University of California to Probe its Admissions Preferences for Friends of VIPs
After an admission last week that well-connected status plays a role in who gets accepted into the University of California system, officials said yesterday (3-18) that a campus fund-raising officer plays an important role in reviewing applications from such candidates at UC Berkeley. A story in Saturday’s Los Angeles Times (3-16) indicated that UCLA has admitted applicants with high-level connections in favor of better-qualified candidates on several occasions. UCLA then would expect favors from the VIPs. The practice of giving preferences to well-connected students bothers critics of the regents’ July 1995 decision to eliminate affirmative action programs to ensure equality for women and people of color in admissions, hiring and contracting.
Democratic assemblywoman Marguerite Archie-Hudson says she will seek hearings on the subject in the Assembly Higher Education Committee. "They assume there are one set of rules for common folk and another set of rules for people who have power," said Archie-Hudson, formerly an administrator at UCLA.
UC System Admits it Grants Preferences to the Children of VIPs
Media Resources: The San Francisco Chronicle - March 19, 1996
8/28/2015 Alaska Court Protects Abortion Access for Low-Income Women - The Alaska Superior Court struck down a state law yesterday that would have severely limited abortion access for low-income women in Alaska.
The state's Superior Court also struck down a Department of Health and Social Services regulation that placed narrow specifications on Medicaid coverage for abortions, requiring that Medicaid-funded abortions be determined by a physician to be "medically necessary." Last year, the Center for Reproductive Rights, the American Civil Liberties Union, and Planned Parenthood sued on behalf of the Planned Parenthood of the Great Northwest, claiming that the narrow definition of "medically necessary" arbitrarily established conditions designed to restrict the ability of low-income women to access abortion services.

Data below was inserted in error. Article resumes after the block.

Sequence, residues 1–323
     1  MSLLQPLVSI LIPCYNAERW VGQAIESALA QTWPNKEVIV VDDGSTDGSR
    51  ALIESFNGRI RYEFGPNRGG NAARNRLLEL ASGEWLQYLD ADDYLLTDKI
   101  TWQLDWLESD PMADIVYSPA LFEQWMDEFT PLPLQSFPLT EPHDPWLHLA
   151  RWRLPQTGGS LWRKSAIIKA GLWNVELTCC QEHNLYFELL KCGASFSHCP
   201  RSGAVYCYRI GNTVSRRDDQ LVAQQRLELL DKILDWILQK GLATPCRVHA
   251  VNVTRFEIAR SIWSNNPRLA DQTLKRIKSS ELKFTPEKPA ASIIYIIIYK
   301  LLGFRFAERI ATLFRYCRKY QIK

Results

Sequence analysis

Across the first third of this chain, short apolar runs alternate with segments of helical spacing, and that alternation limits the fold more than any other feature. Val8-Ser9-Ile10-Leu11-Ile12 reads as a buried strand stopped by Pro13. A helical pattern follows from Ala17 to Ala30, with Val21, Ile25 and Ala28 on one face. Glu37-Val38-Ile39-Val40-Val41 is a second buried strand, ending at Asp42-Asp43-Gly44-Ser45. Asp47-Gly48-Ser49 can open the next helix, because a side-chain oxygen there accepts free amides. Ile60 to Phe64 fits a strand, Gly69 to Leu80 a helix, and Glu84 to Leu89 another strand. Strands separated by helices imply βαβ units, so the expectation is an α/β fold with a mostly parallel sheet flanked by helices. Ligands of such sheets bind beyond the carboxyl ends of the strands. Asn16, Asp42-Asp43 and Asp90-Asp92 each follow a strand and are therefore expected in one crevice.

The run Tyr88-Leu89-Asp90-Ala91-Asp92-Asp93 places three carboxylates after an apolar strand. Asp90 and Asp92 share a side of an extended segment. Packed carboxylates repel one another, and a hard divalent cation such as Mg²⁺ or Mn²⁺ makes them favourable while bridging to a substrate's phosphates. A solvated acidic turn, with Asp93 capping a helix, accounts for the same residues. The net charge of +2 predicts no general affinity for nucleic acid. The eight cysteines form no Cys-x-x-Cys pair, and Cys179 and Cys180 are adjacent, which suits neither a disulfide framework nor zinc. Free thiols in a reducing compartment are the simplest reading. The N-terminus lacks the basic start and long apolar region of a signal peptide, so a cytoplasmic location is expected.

The law was temporarily blocked last July by an Alaskan state court judge.
Superior Court Judge John Suddock ordered yesterday that the state be blocked from implementing this regulation, ruling that it placed an undue burden on low-income women seeking abortion services in Alaska.
"By providing health care to all poor Alaskans except women who need abortions, the challenged regulation violates the state constitutional guarantee of 'equal rights, opportunities, and protection under the law'," the ruling read.
"We applaud the superior court for striing down these cruel restrictions on women's health and rights that violate the Alaska Constitution," said Chris Charbonneau, CEO of Planned Parenthood of the Great Northwest and the Hawaiian Islands. . . .
8/26/2015 Saudi Women Prepare to Vote for the First Time - The fight for gender equality is making slow but notable progress in Saudi Arabia, where women will be allowed to vote for the first time in upcoming December elections.
This shift in Saudi law came in 2011, when a royal decree announced that women would be allowed to vote and run in local elections beginning in December of 2015. . . .